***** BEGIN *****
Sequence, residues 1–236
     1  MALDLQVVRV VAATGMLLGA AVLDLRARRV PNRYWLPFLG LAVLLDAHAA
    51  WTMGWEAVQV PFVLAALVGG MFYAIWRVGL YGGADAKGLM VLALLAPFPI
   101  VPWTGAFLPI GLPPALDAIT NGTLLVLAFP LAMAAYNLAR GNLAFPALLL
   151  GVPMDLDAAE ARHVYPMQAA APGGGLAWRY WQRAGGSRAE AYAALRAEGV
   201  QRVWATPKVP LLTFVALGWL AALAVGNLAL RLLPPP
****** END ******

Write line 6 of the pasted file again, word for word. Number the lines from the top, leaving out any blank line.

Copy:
   201  QRVWATPKVP LLTFVALGWL AALAVGNLAL RLLPPP